A New Frontier: The Future of Concussion Research

Illustrated by Victoria Liu

Jon Vertonghen is a star defender on one of the world’s premier soccer teams – the Tottenham Hotspurs. Playing in one of soccer’s biggest, annual competitions – the Champions League – Vertonghen was trying to head a ball coming from a cross on a standard set-piece. But he collided with the goalkeeper and hit his head against the ground.  Theoretically, the medical staff of this world-class team would rush onto the field and perform a comprehensive concussion test. In the case of a concussion, Vertonghen would have been pulled from the game and sent to the locker room for further treatment. 

Unfortunately, this was not the case.  After suffering an injury and receiving treatment from the medical staff, Vertonghen was cleared to play on. But only minutes later he collapsed on the sideline.

  Jon Vertonghen’s injury illustrates the complexity of concussions and traumatic brain injuries. It shows the impact of the mechanical force on the brain in the collision of his head with the ground and how external forces can hurt the brain. Two major facets of concussions and traumatic brain injury – the mechanical response of the brain and the immune-neurological response of the brain – have acute effects on traumatic brain injuries (TBI) and concussions. 

Understanding the mechanical response of the brain requires of how waves propagate through anisotropic material and how different angles of impact cause different deformations in the brain both at the site of impact and through the brain. According to a paper from Meaney in 2014, “[p]rimary injuries caused by direct contact loading can occur both in the region of impact and in regions distant from the impact site.” Focusing on how this mechanical motion translates to brain injury remains a main area of focus. Meaney contents, “[t]his energy transfer process—both how the acceleration moves and deforms the brain tissues and the effect of this physical stimulus on the living tissue and neural/glial networks—is the key step in understanding the basis for concussion

When a person gets a cut on your arm, typically the immune system plays a vital role in healing the small cut and preventing infection at the site of the wound. Furthermore, the immune system’s visible impact can be seen whenever someone gets a cold or a fever. But the immune system also plays a critical role in the brain’s post-injury response (2). Immediately following a brain impact, the immune system is activated.  The immune system plays a critical role in minimizing damage and the removal of damaged cells. But understanding the role of the immune system specifically “neuroinflammation can be detrimental or beneficial…it is necessary to better understand the timing and complexity of the immune responses that follow TBI” (3).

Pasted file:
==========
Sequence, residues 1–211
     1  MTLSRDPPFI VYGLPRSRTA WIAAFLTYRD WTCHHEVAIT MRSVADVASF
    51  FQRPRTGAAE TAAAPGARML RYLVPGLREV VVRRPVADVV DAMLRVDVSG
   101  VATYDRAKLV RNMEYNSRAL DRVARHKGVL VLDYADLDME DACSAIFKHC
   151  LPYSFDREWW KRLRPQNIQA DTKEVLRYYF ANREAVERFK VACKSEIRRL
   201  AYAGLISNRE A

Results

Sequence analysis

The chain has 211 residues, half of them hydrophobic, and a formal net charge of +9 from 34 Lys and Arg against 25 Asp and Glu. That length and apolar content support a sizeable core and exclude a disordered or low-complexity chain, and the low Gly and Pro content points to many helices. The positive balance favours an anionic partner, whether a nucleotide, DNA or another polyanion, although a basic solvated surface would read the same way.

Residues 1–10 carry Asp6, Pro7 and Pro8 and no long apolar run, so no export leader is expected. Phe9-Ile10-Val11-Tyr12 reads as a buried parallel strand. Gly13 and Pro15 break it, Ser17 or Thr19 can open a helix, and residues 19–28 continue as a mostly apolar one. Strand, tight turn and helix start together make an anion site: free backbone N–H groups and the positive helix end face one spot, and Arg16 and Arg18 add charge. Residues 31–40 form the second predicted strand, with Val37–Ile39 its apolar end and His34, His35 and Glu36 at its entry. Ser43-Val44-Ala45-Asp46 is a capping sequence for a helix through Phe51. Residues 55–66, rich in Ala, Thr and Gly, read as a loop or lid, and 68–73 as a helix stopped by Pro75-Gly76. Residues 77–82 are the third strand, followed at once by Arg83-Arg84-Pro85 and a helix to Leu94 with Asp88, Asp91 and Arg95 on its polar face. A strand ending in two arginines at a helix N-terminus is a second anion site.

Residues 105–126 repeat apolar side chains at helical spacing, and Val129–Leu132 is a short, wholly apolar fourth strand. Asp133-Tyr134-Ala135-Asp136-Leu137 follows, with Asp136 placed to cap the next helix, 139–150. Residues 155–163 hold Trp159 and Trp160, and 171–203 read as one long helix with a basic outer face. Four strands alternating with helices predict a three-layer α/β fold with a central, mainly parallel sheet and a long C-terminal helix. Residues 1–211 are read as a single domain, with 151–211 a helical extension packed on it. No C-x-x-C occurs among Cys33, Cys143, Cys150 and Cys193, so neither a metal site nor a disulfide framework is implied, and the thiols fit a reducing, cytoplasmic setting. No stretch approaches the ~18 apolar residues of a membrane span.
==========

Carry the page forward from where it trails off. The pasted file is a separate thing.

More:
The importance of understanding traumatic brain injuries (TBI) and concussions. Today, we cannot definitively explain the precise physiological causes of the symptoms expressed by those who have suffered a concussion or traumatic brain injury. There is also not a therapeutic drug on the market that can reverse the damages caused by a TBI. But the research efforts on understanding the mechanical response of the brain and the immune response of the brain demonstrates the complexity of this problem. The mechanical and immune response are just two facets of concussion injury. Building a complete model of the different facts of concussions can help with better prevention and treatment for concussions.

Edited by: Jessica Wu

Illustrated by: Victoria Liu



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